While Ducati is recording all-time high sales figures, times are significantly tighter at Benelli, that other Italian motorcycle manufacturer. With many of its workers on part-time status (and with the Government paying part of their paycheck), production at the Benelli factory has been scaled back to around 1,000 motorcycles for 2009, down from the 20,000 the company had anticipated to make when it set it goals back in 2007.
This year, Chinese owner, Qiang Jiang, is taking a closer look at the Italian acquistion, with the possibility of folding the company not ruled out. This just a few months after Qiang Jiang pumped $26 million into the Italian brand.
In 2005 Qiang Jiang bought Benelli, which was struggling to stay afloat with its one bike pony show. The Chinese company paid off the debts of Benelli, restarted production, and introduced new streetfighter TnT models into the company product line.
At that point in time, Benelli was only making a limited number of motorcycles, but by 2007, Benelli was on its way to making several thousand motorcycles per year. Not content with that, Benelli stated it’s new goal to increase figures considerably. Benelli announced that they would aim for 10,000 bikes for 2008, and 20,000 in 2009. For those doing that math, that’s almost a 50% year-over-year growth level, virtually unheard of in any business, let alone one as entrenched as Benelli.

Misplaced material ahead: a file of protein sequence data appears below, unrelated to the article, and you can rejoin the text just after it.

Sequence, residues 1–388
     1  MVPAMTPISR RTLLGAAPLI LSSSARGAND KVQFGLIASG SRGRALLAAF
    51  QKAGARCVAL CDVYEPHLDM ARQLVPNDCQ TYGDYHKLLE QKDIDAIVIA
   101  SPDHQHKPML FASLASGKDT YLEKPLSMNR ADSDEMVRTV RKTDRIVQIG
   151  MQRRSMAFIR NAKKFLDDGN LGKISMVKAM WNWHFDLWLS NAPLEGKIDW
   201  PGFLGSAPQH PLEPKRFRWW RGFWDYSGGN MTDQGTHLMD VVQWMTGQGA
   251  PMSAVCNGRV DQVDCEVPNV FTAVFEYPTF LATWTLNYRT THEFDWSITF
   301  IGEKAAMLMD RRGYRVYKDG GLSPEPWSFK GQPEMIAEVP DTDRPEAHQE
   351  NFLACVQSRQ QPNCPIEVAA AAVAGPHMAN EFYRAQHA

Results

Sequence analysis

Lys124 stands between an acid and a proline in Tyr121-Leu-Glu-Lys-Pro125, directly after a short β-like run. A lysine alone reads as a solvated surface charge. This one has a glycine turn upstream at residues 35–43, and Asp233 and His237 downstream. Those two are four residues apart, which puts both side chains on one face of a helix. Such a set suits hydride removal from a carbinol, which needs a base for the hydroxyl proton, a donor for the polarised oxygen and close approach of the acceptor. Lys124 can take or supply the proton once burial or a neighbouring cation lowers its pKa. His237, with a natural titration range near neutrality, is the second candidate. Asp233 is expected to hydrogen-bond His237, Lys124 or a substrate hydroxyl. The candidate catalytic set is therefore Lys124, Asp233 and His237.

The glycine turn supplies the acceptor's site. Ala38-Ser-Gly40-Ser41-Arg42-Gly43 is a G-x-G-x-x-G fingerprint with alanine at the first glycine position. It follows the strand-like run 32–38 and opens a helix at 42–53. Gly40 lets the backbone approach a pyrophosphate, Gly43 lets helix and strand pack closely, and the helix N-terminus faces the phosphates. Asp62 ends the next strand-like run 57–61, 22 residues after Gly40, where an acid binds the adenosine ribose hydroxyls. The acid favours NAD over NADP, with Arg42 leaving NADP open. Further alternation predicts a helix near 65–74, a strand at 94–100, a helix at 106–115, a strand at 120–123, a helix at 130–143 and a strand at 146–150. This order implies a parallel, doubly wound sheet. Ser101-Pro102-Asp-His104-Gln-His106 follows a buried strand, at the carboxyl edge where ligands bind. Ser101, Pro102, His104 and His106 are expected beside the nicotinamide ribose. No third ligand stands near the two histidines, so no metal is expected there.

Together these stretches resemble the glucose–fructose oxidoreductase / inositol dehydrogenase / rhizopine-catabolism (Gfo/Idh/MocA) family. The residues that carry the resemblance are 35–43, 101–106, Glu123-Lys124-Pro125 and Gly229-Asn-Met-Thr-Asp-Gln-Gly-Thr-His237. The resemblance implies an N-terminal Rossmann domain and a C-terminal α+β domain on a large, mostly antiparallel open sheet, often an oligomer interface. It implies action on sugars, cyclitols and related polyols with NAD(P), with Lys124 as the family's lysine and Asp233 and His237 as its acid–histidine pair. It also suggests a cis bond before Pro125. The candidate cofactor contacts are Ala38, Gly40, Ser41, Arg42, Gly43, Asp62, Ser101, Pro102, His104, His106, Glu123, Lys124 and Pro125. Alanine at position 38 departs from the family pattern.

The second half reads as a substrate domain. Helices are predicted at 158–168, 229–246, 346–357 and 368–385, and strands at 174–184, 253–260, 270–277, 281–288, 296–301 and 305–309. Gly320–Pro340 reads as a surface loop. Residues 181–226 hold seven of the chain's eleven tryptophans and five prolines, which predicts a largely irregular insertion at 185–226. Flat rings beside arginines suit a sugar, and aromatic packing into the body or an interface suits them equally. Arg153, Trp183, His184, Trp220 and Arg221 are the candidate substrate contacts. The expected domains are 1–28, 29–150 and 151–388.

Benelli bet these sales figures on the fact that they would be increasing their product line, adding a new parallel and single twin bikes into the mix. The first of these bikes, the Due, is essentially the same Benelli triple, with one cylinder taken away, thus the bike would have 756cc displacement. Styling is an evolution on the TnT streetfigher appearance, and generally pleasing.
Last year, a prototype Due was unveiled to the general public, where it also got a positive response, but the bike remains to be vaporware, with the occasional sighting here and there. While the world waited for the Due to be released, it kept itself busy by nose diving into the recession.
The current economic struggle has hit Benelli hard, and seemingly consumers do not have the extra cash laying around to buy an expensive motorcycle that has a parts problem worse than Aprilia’s (and that’s really saying something). To combat this affect, Qiang Jiang invested another $26 million into the Italian company, hoping the cash infusion would push the brand back above water. Water Wings would have been a better investment it seems.
Talking about the current state of Benelli, Gianluca Galasso, the former World Supersport racer who works as Benelli’s PR chief, said the following:
“The recent plan was to produce 5000 bikes this year, but we couldn’t achieve it. The Chinese owners understand the problems and there will be meetings soon to decide Benelli’s future. Scooters will be built in China and motorcycles in Italy, apart from some low tech parts such as mirrors. At the moment Qiang Jiang doesn’t have the same quality and technical levels in China. What we can do is help them improve their quality and design to produce a better product.”
Times are tough indeed. When was the last time you saw a Benelli on the road? A quick look at a local Benelli dealer here in San Francisco, and we see that they have two bikes left out of the 5 or so its been trying to sell for the last 2 years…with $5,000 taken off MSRP. Ouch!